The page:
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Cap on education expense tax deductions scrapped as government axes seven inherited tax policies

11:41AM | Tuesday, 12 November

Education expense tax deductions will not be limited to a yearly $2000, part of a raft of Labor changes which will not proceed under the Coalition.   This announcement has shown the path the government will take in dealing with 92 proposed tax and superannuation measures announced but not legislated by previous governments.   Assistant treasurer Arthur Sinodinos said 18 measures would proceed, and three more would be “significantly” amended. Seven initiatives would be cut.   Removal of the statutory formula method of calculating the Fringe Benefits Tax on cars was to be removed by the former government, but will now to be kept, to the considerable relief of the salary packaging industry.   A $2.4 billion move to scrap Labor’s 15% tax on superannuation incomes above $100,000 has sparked a storm, with the Australian Council of Trade Unions president Ged Kearney calling it a “tax break for the rich” and while Association of Superannuation Funds of Australia chief executive Pauline Vamos welcomed it for giving “certainty”, she acknowledged the average Australian “may think it unfair”.   Sinodinos said “the complexity and compliance costs associated with this initiative are extreme and essentially undeliverable”.   Changes to so-called ‘25-90 deductions’ will not proceed. The changes announced by the previous government permitted a deduction on interest expense on borrowings used to derive certain types of foreign-sourced incomes. Tax Institute tax counsel Stephanie Caredes said the changes affect multinational businesses, but some SMEs could have been affected.   “It was a huge over-reach,” she says.   Sinodinos has set a December 1 deadline for resolving the 64 outstanding changes “with a disposition not to proceed” and aims to have them pass Parliament by July 1 next year.   One of those measures relates to how the tax regime deals with earn outs, a contingency that is negotiated during business sales when its value is not fully known.   This story first appeared on SmartCompany.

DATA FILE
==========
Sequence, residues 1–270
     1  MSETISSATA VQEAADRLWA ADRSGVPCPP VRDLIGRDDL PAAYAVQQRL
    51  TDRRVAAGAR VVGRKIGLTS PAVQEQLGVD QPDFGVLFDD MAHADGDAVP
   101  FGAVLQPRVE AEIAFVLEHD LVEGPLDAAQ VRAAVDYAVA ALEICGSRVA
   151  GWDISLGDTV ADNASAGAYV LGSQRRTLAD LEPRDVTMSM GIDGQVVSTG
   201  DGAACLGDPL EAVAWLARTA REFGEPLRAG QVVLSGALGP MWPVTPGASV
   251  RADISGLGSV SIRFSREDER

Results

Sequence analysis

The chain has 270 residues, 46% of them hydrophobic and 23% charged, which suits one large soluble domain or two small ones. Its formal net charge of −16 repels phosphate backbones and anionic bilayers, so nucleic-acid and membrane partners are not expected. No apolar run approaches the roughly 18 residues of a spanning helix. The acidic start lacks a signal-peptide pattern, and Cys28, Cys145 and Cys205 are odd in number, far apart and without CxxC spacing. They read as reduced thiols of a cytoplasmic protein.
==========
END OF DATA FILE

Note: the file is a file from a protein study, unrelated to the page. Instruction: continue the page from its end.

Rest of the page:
Start-ups to be hit by “triple whammy” of increased costs on July 1

5:42AM | Wednesday, 22 May